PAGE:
One of the key elements of many liveaboard dive trips is that they take place in remote locations, which often require domestic flights to reach. With a continuing reduction in airline baggage allowance and growing fees its becoming increasingly important to get your packing just right.

Choosing the Essentials

Topping the list of essential items of course would be your dive gear. Or would it? Several liveaboards offer free equipment rental or low cost packages as an alternative to bringing you own. Perhaps you are supremely attached your own BCD or Reg and would not wish to rely upon rental gear, but what about your fins? Do you really need all those wetsuits? For most trips there is not really a need to pack in all that spare gear and parts for those “just in case” moments when perfectly adequate alternatives are available on board the yacht? Much depends on the quality of the dive operator so its important to check with them what they will have available before you depart. Then think about what you couldn’t dive without and bring a fix-it / repair kit of o-rings, mask and fin straps and a mouth piece or two.

Clothing next, so lets just be honest you’re on a boat with 12-20 other divers, dinner will not be a cruise ship captain’s table black tie affair. In my experience most people wear the same clothes repeatedly – after all we’re hardly in them. Shorts, t-shirts and 2 sarongs would more or less cover it. I always pack at least 1 sun dress and a fleece jacket in case it gets chilly. Men might want to bring long trousers and shirts and if you’ll be taking any land tours, think about whether its prudent to cover up to avoid offending the locals by displaying bare shoulders or knees. Shoes, just forget about them! But very importantly don’t forget your swimwear… I’ve seen a naked 70-year old man bent over on the dive deck and I sincerely wish I hadn’t!

No one wants to be known as “Mr or Ms Stinky” during the trip so some toiletries won’t go amiss. Most operators I’ve dived with provide shower gel but shampoo/conditioner you should plan to bring for yourself. Don’t bother packing huge bottles – decant your usual brands into 100ml bottles then you can also take in your hand luggage too. Essential advice for the ladies: don’t forget your menstrual products! Such items can be exceedingly hard to find in places such as Egypt and Indonesia (note any unused supplies are always very welcomed by female cruise directors!)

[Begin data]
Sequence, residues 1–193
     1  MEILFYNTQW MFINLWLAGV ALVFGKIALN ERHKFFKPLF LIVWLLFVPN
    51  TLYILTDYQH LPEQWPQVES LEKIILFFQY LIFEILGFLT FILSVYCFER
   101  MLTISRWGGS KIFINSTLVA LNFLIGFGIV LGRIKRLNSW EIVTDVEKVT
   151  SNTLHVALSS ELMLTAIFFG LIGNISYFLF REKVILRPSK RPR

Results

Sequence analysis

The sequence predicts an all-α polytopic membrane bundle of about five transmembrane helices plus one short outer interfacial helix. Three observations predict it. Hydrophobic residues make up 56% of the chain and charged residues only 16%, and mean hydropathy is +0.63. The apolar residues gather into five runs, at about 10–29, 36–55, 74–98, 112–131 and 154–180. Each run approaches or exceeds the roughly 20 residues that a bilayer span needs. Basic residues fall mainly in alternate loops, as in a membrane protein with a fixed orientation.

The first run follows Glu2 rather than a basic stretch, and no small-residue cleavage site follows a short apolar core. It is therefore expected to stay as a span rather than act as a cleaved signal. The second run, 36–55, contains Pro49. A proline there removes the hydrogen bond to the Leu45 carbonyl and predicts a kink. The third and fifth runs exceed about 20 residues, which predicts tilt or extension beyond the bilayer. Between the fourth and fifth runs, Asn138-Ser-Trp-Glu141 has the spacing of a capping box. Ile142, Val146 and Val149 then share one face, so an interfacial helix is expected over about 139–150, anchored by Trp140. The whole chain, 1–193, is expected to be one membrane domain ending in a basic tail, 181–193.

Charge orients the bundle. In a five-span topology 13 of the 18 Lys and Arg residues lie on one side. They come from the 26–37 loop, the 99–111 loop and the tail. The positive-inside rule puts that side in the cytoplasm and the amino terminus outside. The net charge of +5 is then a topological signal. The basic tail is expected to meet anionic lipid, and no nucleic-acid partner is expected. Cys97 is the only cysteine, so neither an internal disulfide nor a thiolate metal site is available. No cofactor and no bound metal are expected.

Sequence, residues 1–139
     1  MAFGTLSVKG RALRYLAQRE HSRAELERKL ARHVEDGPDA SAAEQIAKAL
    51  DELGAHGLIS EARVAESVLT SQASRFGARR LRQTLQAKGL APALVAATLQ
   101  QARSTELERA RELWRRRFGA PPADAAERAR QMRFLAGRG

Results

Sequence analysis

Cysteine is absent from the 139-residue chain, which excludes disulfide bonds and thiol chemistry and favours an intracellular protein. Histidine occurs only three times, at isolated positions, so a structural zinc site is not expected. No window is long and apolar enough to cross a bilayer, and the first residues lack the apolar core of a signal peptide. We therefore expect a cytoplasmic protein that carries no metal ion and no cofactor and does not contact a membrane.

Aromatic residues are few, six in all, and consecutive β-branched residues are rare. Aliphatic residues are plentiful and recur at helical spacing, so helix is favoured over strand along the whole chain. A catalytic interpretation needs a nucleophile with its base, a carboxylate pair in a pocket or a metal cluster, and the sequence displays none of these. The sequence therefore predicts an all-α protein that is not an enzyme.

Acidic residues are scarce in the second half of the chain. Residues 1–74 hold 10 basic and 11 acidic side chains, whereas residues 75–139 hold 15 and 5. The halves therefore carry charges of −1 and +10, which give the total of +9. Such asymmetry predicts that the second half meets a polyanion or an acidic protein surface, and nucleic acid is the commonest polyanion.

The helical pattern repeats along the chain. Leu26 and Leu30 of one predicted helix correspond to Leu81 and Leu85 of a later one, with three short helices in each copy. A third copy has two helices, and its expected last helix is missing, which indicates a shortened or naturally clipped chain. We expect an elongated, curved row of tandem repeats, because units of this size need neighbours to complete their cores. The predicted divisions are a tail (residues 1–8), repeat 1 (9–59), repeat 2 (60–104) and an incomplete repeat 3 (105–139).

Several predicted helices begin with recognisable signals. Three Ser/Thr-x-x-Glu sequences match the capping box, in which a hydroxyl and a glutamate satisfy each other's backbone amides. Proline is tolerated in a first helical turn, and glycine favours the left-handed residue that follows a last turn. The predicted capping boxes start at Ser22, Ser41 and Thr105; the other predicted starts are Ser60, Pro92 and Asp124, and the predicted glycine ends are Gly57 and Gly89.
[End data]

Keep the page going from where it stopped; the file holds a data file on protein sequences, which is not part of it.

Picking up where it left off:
Don’t bother with a towel. Every liveaboard I know provides one or more and if you would like extra, a sarong works brilliantly and takes up far less room.

Forget Shoes - Wear Your Fins on the Plane!
Forget Shoes – Wear Your Fins on the Plane!

Now we know what to bring the big question arises – can I fit it all in? Here the importance of maximising your carry-on comes into effect. The best items for placing in your carry-on bag are your reg (if you decided to bring it), dive computer, mask, toiletries and any bulky but light weight items that you could put on if necessary. Any medications too just in case your check-in luggage gets lost in transit.

Of course if you are photographer you’ll likely be struggling with which lenses, dome ports, strobes etc etc etc to bring with you. Most airlines count a camera as a separate hand carry item you are allowed on top of a 7kg bag, but even so it can be a tough decision so do your research on the destination and make your decision based upon that… or buy a jacket with loads of pockets and stuff everything into them instead!

Specialist Dive Travel Gear from Aqua Lung

Knowing the struggles us liveaboard divers face, equipment manufacturers have developed specialist equipment for travel. I have the complete Aqua Lung travel set – it’s a bcd, complete reg, fins, mask, shortie 3mm and bag all weighing in at 10kg. I leave the shortie behind and just take a skin and hooded vest for most trips. The bag itself is the perfect fit for the overhead bins on planes too, so I can be really flexible with how I pack.

Last month I met two divers from Australia who only had 10kg each to check in as they had purchased the Aeris backplate which doubles as a bag and then rented other kit on the yacht. There are plenty of great choices out there for divers who love to travel.

Now you are all packed and ready to go – unpack, remove half of the clothes from the pile, pack again and you’re all set!

Keeping your check in under 20kg is most certainly do-able with a bit of planning. “Know Before You Go” guides are provided by for each destination and liveaboard yacht, to help you plan what you should bring to get the most from your dive trip.

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